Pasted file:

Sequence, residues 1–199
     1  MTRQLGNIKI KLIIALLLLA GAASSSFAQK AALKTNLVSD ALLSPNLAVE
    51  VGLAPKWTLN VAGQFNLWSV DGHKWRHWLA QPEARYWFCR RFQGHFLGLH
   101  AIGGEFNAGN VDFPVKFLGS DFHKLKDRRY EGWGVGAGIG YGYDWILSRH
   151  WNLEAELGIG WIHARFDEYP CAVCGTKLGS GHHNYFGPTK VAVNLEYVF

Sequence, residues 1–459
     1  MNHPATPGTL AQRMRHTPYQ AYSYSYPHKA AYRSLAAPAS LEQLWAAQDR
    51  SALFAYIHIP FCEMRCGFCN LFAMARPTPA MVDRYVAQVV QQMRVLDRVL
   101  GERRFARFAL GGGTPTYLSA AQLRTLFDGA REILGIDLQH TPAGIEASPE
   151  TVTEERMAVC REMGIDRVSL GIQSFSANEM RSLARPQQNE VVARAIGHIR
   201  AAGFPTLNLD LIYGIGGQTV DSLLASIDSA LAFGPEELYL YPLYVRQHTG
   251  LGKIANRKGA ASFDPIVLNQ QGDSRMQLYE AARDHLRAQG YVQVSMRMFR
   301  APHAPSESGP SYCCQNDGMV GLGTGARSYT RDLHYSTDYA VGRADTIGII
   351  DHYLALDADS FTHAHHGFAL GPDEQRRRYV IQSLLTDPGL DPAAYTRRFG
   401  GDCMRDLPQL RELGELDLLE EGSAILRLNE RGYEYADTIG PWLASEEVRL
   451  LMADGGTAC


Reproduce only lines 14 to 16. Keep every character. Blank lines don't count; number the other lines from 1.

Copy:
   351  DHYLALDADS FTHAHHGFAL GPDEQRRRYV IQSLLTDPGL DPAAYTRRFG
   401  GDCMRDLPQL RELGELDLLE EGSAILRLNE RGYEYADTIG PWLASEEVRL
   451  LMADGGTAC